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The Spirit within the Music
August 8th, 2007

I have the deep blessing to work with the music at Ananda Village. Most of my work is presenting music written by Swami Kriyananda, which comprises over 400 vocal and instrumental pieces.

This summer we’ve had many performances: one at Ananda village, another at the Seattle Temple Dedication, and still more at the Revelations of Christ book launch in Los Angeles, featuring instrumentalists from around the world, and a 75 voice choir.

Why do we only perform the music of Swami Kriyananda? Those of us in the choir can testify to the power of his music, which is subtly different from other classical and sacred music. When we sing or play, our goal is to tap into the inspiration that gave birth to each piece, and try to channel that inspiration outward, while performing the notes as well as possible.

I was honored to speak as part of a panel at our Joyful Arts Festival a few weeks ago, where I tried to explain that thoughts and feelings are dynamic energies in themselves, and can be infused into music. Isn’t it true that we can feel, to some extent, what composers have felt?sk-06-fest-5sm.jpg

We know that our ears can only pick up a small segment of the spectrum of sound waves. Isn’t it possible then, that we can feel vibrations of thought and feeling, even though we have no way, as of yet, to scientifically register them?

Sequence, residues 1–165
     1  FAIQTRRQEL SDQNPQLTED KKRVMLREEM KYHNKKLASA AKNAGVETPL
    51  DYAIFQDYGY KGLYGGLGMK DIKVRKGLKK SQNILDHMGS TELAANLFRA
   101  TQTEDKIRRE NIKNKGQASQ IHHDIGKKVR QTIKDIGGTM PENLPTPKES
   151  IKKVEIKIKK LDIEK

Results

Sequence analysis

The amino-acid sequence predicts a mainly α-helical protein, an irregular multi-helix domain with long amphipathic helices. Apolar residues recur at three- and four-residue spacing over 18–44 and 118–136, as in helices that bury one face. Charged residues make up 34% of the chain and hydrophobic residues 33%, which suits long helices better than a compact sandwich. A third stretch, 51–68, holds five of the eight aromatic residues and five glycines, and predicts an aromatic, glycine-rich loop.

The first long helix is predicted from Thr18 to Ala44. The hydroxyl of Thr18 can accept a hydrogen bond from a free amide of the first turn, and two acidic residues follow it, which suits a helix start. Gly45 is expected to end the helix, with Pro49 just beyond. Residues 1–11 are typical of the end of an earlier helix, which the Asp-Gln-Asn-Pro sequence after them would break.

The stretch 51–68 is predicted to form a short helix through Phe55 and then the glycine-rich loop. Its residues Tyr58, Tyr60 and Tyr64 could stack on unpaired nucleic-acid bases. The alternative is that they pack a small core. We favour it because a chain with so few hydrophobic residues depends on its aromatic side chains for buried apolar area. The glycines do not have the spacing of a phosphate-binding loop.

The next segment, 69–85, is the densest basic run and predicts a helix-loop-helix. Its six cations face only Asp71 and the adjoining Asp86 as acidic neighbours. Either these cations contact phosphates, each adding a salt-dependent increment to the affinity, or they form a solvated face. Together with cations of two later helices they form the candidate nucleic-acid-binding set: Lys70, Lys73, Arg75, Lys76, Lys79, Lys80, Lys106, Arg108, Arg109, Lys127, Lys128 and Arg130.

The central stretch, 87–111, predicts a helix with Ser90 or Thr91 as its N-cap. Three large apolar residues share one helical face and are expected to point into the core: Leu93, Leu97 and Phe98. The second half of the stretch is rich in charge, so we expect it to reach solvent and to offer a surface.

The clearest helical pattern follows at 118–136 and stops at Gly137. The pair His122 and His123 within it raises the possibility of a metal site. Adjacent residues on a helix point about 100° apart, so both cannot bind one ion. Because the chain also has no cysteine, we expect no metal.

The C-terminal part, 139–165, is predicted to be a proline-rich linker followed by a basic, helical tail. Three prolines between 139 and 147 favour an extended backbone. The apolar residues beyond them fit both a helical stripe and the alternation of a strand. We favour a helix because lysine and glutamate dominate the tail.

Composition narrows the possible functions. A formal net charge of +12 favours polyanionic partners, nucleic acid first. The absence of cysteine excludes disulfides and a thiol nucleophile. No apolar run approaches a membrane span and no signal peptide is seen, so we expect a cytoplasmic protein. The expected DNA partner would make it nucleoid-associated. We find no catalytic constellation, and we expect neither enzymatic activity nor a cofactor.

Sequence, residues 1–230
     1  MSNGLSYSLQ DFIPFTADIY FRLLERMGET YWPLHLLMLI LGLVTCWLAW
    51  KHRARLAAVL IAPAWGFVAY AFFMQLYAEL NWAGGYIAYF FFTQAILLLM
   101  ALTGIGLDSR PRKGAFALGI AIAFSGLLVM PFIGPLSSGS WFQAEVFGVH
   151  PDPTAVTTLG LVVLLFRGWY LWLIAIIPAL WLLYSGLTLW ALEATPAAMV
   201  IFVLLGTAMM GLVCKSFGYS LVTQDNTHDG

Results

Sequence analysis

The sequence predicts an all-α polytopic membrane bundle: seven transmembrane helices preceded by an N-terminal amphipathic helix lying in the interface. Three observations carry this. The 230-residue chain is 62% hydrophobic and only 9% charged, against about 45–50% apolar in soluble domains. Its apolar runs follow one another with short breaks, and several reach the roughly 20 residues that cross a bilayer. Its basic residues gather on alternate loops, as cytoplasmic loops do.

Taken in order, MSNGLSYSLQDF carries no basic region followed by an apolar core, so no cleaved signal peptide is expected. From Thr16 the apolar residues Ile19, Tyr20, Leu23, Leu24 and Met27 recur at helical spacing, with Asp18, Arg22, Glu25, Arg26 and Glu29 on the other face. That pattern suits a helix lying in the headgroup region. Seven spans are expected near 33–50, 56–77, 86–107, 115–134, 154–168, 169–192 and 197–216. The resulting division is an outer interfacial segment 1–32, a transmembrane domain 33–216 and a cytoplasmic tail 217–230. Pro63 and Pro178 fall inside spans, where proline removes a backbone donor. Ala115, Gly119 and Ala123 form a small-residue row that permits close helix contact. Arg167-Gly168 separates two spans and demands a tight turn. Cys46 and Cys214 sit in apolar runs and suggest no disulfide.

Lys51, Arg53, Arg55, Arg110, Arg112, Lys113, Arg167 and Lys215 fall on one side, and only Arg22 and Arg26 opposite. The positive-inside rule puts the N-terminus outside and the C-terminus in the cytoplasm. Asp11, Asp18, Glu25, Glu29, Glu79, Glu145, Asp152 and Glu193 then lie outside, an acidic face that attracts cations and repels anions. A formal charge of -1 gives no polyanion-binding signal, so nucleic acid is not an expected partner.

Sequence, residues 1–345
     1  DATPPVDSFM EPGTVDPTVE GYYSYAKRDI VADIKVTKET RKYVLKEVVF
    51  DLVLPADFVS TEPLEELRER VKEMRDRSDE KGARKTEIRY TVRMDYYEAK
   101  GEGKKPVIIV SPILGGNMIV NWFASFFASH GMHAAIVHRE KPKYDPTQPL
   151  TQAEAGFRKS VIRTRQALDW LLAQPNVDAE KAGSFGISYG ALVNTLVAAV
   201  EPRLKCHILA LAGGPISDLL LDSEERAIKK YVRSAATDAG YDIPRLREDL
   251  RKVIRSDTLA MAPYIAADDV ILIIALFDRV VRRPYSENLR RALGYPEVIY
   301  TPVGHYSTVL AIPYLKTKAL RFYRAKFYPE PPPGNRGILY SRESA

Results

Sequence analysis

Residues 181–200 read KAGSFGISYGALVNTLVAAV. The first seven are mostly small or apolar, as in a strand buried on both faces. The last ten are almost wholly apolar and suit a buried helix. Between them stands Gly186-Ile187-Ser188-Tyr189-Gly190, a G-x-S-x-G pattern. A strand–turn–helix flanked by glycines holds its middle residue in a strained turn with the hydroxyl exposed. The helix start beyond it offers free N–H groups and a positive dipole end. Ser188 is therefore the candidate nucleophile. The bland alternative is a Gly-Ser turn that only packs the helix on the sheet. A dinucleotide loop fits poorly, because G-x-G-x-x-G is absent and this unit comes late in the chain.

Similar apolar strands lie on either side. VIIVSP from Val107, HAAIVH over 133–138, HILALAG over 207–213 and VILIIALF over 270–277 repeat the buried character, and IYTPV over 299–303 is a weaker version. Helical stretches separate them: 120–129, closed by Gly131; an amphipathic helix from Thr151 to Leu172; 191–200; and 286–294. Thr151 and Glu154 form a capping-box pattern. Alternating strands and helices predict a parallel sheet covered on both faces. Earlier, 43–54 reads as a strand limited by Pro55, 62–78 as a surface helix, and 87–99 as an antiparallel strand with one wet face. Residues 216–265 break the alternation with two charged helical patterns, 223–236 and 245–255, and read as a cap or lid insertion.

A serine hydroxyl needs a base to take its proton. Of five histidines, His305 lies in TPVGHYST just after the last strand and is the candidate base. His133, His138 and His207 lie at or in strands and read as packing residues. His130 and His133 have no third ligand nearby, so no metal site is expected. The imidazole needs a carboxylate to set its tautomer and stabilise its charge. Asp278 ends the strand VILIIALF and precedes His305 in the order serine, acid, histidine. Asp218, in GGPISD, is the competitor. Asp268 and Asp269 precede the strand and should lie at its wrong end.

Swami has never written music from a personal perspective, but rather has expressed different states of consciousness in a very impersonal way, so that we ourselves, can make them our own more easily.

Imagine going in to a second-hand shop and trying on things that were specifically tailored to one person, and don’t quite fit the way you’d like. Swami’s music is like going to a fabric store to find unlimited bolts of inner strength, peace, courage, and devotion, and then having it tailored to fit our own personal needs.

Most people’s music speaks of their own personal experience of life – how can it not? For instance, one person may sing of their own experience of Divine Love, or of courage. We can be uplifted and encouraged by their song, but if we were to try and sing it, we rarely are able to feel what they felt in their personal experience.

Swami, on the other hand, has composed music with the essence of Divine Inspiration, not narrowed in personal expression, but presented in its true and fullest essence.

Many people have wondered why we present only Swami’s music at Ananda. The music at Ananda is not music for music’s sake, or a place to showcase his songwriting talent above anyone else’s. It is here simply as a direct conduit to higher states of consciousness. Swami in fact often calls this music “our music”, because he does not consider it his own. Certainly it does not reflect his limiting personality.

These days he isn’t able to spend much personal time with people, and has said, “If you want to get to know me, listen to my music”. In listening to this music, we begin to meet not the personality of Donald Walters, but the consciousness that this extraordinary human being has been able to reach.

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